By NAUE – Water gardens on Reden’s old mining area are sealed with Bentofix® X geosynthetic clay liners. This mining remediation project has helped revitalize an area of Germany long-in-need of attention. The place has quickly become a draw for tourism and new, more sustainble industries and economic development projects.
Waterfalls, sea roses, steel sculptures, a stream made seemingly of drifting fog – the water gardens at Landsweiler-Reden, Germany astonish visitors. Though miners once toiled there in bleak conditions, the site is now a place characterized by geothermal energy, tourism, extraordinary views, and recreation. The fantastic water gardens are a main attraction, and they have been made possible by an efficient sealing system of NAUE Bentofix® X2 BFG 5300 Geosynthetic Clay Liner (GCL).
Approximately 25,000 m² of GCLs have been installed.
The site of the water gardens is in the state of Saarland, a historical mining region. That legacy has left behind many industrial areas and other sites in need of care. In Reden, an organization known as the “Industrial Culture Saar” has executed some fascinating redevelopment projects—most notably, the water gardens.
The site was opened in 2012, an event that sought to “wake Sleeping Beauty.” The impact was immediate. Spectators were awed by how dramatically the landscape had changed. Indeed, the organizers had sought to use this site as a way to stimulate interest in other developments. All along, they had planned for this crowning water garden zone to be integrated into the larger region’s remediation and redevelopment of old mining operations. And for more than 10 years, as site by site was evaluated for its potential, they had dreamed of waking Sleeping Beauty here.
The site’s redevelopment used all available possibilities, with a major driving force to turn the necessities of the work into opportunities. For example, the water needed to be pumped out of the underground mines. This water was warm, so it was converted to a source of energy production. It was also used to create the “Fog Stream.” And since the site’s existing brownfields needed to be capped regardless, the redevelopment team used this as an opportunity to create rainwater and stormwater retention ponds.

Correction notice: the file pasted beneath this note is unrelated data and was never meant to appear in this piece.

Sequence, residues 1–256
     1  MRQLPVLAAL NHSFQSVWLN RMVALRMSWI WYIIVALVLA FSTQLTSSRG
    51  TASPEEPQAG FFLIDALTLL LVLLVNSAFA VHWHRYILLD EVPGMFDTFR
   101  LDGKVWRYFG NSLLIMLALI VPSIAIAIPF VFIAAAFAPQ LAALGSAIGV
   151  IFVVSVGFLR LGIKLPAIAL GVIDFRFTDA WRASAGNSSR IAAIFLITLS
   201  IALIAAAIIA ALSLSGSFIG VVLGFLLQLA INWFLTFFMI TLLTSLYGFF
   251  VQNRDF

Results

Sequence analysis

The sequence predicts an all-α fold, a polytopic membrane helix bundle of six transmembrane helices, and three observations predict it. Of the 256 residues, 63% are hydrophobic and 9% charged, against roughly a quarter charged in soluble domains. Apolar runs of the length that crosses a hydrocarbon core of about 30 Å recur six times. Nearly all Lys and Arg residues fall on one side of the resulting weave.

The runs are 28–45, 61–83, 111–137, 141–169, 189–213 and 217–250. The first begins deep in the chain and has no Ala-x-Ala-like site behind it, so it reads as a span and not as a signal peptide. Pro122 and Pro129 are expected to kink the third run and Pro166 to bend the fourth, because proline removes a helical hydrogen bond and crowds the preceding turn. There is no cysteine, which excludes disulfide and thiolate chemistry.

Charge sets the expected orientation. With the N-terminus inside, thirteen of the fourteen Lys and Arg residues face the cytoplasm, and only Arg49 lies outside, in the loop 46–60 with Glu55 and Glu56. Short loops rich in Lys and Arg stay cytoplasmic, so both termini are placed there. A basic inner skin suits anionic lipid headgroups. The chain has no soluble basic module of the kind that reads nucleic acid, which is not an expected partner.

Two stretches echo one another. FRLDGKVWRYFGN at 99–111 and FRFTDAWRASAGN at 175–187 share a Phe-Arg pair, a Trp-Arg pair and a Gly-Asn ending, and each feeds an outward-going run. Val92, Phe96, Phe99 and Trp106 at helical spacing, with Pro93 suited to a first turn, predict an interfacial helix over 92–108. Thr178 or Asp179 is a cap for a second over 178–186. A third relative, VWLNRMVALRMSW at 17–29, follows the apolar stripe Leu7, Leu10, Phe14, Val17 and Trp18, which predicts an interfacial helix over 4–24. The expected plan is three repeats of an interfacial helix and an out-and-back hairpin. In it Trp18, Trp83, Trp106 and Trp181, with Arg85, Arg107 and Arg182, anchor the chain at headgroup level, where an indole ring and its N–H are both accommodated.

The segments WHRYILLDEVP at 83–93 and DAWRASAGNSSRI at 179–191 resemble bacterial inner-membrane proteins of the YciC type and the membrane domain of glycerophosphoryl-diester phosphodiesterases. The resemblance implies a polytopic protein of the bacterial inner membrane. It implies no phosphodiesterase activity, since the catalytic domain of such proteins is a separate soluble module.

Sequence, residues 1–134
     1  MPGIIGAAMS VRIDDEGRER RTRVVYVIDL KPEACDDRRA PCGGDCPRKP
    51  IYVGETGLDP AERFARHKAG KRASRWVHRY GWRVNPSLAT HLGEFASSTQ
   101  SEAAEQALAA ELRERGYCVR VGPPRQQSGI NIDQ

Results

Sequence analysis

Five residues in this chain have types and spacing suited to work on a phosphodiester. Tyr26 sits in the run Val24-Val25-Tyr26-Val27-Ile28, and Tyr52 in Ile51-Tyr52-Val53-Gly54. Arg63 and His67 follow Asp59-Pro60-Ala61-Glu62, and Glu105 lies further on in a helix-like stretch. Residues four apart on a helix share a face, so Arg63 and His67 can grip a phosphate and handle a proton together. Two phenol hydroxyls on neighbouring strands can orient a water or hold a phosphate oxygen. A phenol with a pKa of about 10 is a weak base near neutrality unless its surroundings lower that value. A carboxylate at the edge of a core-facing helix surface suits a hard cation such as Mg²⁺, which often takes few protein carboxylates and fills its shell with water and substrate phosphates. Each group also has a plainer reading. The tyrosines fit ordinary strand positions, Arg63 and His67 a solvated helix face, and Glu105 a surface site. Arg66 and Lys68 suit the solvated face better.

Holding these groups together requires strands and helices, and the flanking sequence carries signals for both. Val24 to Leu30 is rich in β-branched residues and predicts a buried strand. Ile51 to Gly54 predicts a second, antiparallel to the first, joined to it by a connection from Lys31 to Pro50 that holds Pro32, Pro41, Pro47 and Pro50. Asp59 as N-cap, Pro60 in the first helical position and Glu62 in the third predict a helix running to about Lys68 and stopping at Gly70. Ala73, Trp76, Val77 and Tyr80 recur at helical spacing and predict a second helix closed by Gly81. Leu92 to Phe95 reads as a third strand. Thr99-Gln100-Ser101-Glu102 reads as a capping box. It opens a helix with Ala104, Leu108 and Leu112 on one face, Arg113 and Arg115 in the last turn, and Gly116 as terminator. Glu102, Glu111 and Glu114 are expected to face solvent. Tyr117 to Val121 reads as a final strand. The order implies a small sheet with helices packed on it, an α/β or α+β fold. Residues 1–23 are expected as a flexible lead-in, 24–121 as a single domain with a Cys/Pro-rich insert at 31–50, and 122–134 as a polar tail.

A SECURE SEAL
The water gardens involve five connected ponds that branch out and incorporate different water levels. To have this elaborate, aesthetically-driven design over a sensitive site required a secure, long-term barrier system. It was a perfect application for the recently developed and introduced GCL Bentofix® X2 BFG 5300.
To act as a long-term barrier against many kinds of hazardous and chemical liquids—common on mining remediation sites—these Bentofix® GCLs have been engineered with an additional polyethylene (PE) coating. Bentofix® GCLs—also known as geosynthetic clay barriers (GBR-C)—are needle-punched, reinforced composites that combine two durable geotextile outer layers and a uniform core of high-swelling powder sodium bentonite clay. This construction forms a shear-resistant hydraulic barrier with self-sealing and re-healing characteristics. Additionally, the Bentofix® X series is coated with a durable and uniform polyethylene (PE) coating on the woven side, creating an additional low permeability barrier prior to hydration. It combines the benefits of bentonite and a PE coating in one multifunctional barrier system.
CRITICAL SUBGRADE PROTECTION
The subgrade throughout Reden’s old mining area and its railway network is very permeable. It is characterized by a mixture of old crushed rock from track beds, unknown fill material, contaminated soils and coarse grain soils.
In redeveloping the site and making the water gardens possible, the initial planning phase looked at using a 500mm-thick compacted clay as a seal. However, this sealing system would not have worked with the many known and anticipated penetrations and connections to structures, such as concrete stairs, pipes, foundations, old and new walls, etc. With Bentofix® X, the concerns were resolved. Batten strips secured the Bentofix® panels to structures and appurtenances to ensure firm seals throughout the system. To ensure that the PE-coated GCL was not damaged during installation, a needle-punched Secutex® R404 nonwoven was placed under and over the GCL. Since the subgrade material was expected to be very coarse in several places, the designers wanted to ensure that the bottom geotextile of Bentofix® would not be damaged. For this reason, Secutex® was laid under the Bentofix® GCL. Secutex® on top of Bentofix® protects the PE coating from being damaged during the cover soil placement process, as well as during the service life against any loads occurring from above.
The smart design and careful construction works ensured that the Bentofix®-based barrier system began its service life in optimal condition. And with the geotechnical and environmental protection issues taken care of, the awe-inspiring surface aesthetics were able to be developed.
Overall, 25,000m² of Bentofix® X2 BFG 5300 and twice that amount of Secutex® R404 were installed according to the following cross-section (from top to bottom):
- Pond beds with different types of vegetation
- Nonwoven protection geotextile, Secutex® R 404
- GCL, Bentofix® X2 BFG 5300
- Nonwoven protection geotextile, Secutex® R 404
- Leveling material for subgrade (aggregate 0/16 mm)
For more information on geosynthetic clay liners (GCLs), visit NAUE: www.naue.com
This YouTube video shows a bike ride through the redeveloped site. The transformation is impressive: